Mueller's report on Trump collusion and obstruction coming after midterms


The stakes just got even higher for November's midterm elections.

Special Counsel Robert Mueller is poised to present the key findings from the Russian investigation after November's midterm elections, according to a new report.

Citing two unnamed U.S. officials, Bloomberg News reported Wednesday morning that Mueller "is close to rendering judgment on two of the most explosive aspects of his inquiry: whether there were clear incidents of collusion between Russia and Donald Trump’s 2016 campaign, and whether the president took any actions that constitute obstruction of justice."

The officials did not specify what those findings might look like.

As Bloomberg noted, the revelation doesn't necessarily mean that Mueller's report on the findings will be made available to the public.

According to the guidelines of the probe, Mueller can only present the findings to Deputy Attorney General Rod Rosenstein, who is charged with overseeing the Russia investigation since Attorney General Jeff Sessions recused himself.

Once Rosenstein has the report, DOJ guidelines give him some discretion in making the determination about what findings are presented to Congress and what is released publicly.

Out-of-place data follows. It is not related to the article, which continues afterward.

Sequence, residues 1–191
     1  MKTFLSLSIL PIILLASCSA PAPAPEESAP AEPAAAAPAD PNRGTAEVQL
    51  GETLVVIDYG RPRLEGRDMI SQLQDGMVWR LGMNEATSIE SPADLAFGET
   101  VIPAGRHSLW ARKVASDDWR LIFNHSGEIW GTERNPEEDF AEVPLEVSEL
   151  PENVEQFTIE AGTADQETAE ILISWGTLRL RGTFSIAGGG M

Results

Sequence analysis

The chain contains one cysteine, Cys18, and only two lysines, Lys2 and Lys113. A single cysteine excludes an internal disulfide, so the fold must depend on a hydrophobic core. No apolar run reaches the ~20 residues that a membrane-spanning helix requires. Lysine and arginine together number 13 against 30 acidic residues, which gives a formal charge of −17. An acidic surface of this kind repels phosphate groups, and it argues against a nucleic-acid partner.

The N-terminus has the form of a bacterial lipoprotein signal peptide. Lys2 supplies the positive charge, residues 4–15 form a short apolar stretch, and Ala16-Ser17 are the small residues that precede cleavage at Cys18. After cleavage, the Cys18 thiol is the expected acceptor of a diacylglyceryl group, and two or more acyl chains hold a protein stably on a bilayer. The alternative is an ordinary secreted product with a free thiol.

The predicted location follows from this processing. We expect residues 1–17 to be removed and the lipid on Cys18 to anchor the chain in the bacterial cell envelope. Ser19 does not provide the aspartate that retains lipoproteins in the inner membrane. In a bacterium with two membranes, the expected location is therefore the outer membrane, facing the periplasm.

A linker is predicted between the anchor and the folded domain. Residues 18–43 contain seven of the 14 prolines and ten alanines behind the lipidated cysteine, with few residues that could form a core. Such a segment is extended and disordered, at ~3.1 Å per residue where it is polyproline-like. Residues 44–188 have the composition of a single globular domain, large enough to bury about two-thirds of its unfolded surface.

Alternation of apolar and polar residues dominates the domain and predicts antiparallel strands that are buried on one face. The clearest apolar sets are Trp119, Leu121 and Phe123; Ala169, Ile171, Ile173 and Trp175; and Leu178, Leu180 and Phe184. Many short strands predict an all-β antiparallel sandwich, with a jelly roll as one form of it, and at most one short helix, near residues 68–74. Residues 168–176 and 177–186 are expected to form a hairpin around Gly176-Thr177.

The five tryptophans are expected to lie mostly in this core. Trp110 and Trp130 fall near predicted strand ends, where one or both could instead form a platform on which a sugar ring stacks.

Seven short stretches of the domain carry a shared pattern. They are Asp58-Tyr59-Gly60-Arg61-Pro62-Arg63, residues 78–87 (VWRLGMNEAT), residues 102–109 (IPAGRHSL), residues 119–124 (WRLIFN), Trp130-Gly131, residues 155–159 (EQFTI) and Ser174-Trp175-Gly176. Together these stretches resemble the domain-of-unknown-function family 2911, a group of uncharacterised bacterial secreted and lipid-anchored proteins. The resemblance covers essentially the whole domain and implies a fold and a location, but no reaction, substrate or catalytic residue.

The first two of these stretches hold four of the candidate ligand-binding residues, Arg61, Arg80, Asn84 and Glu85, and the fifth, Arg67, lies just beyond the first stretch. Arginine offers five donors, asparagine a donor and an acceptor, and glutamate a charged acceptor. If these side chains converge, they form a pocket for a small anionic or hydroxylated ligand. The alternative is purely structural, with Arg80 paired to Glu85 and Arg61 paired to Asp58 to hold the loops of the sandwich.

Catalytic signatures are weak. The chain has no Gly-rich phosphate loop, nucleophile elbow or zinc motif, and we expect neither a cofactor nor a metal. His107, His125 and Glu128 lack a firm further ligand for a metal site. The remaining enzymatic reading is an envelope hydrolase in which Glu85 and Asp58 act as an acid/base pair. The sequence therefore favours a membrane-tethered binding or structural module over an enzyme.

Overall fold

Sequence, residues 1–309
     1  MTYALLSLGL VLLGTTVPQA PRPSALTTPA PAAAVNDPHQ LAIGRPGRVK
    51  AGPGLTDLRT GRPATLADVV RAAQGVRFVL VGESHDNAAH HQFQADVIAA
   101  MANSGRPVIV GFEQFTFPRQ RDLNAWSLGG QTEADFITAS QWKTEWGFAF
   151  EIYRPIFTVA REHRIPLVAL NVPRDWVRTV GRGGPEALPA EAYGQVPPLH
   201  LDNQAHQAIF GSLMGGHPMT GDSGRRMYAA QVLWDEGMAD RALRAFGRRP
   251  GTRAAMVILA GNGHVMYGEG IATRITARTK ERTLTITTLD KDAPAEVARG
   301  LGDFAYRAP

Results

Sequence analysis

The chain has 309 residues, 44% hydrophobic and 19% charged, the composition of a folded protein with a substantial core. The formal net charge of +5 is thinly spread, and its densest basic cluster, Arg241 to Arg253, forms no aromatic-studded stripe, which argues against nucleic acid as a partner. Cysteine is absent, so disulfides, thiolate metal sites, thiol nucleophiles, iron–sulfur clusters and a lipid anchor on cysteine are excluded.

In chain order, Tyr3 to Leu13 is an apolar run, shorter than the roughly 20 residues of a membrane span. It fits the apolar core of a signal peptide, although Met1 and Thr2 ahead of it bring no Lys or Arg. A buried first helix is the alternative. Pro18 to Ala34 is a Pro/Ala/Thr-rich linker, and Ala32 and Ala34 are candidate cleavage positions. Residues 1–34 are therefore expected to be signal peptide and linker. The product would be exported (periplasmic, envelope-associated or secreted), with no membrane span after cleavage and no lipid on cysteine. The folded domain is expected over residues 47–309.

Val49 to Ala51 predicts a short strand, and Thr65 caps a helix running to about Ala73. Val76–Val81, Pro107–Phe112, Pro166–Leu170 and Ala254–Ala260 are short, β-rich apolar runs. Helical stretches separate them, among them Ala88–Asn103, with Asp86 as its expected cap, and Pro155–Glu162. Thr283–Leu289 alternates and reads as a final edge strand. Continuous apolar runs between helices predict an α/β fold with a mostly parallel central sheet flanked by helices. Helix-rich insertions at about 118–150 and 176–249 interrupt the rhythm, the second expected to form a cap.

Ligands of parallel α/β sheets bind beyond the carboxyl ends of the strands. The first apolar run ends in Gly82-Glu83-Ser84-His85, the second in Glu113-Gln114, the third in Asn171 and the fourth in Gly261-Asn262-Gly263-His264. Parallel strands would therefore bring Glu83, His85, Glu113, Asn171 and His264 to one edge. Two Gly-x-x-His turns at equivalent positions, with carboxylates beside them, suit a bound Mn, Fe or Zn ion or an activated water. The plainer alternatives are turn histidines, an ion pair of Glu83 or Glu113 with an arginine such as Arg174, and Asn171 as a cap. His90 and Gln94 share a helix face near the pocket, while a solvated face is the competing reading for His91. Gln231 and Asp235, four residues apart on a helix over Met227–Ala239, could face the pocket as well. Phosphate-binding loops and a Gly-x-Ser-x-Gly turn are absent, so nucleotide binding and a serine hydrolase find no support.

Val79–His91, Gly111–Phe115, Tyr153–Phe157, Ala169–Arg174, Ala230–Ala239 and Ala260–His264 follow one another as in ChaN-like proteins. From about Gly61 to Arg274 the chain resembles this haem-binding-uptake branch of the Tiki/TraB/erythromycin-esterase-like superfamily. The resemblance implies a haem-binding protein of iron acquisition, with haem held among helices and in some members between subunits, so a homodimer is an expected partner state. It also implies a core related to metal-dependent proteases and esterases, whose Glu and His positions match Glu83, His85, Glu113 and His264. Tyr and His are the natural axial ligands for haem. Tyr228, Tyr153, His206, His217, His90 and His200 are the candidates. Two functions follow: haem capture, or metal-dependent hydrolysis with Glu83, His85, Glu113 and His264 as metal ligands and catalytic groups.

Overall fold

Rosenstein has reportedly made it clear to Mueller that he wants the probe to end quickly, potentially because Trump has repeatedly hinted at wanting to fire Rosenstein and shut down the investigation.

News that Mueller is prepared to deliver his findings comes at a crucial time, just three weeks ahead of midterm elections.

The results of the election could end up determining what ultimately comes of the investigation, with Democrats hoping to regain control of the House, and possibly the Senate, which would put them in a position to potentially pursue impeachment charges if warranted.

Even if the findings do not warrant impeachment, Democrats could still decide to release the results of the report for public viewing, whereas Republicans would likely keep it under wraps as part of their ongoing effort to shield Trump.

Importantly, if Democrats retake the House majority, they could also move to reopen the House Intelligence Committee's investigation, which was prematurely shut down by Trump's allies in Congress.

Ultimately, the party that controls Congress will end up with a great deal of control over the future of the Mueller probe and its findings — so while Trump's name won't be on the ballot in November, the future of his presidency may very well be.

Published with permission of The American Independent Foundation.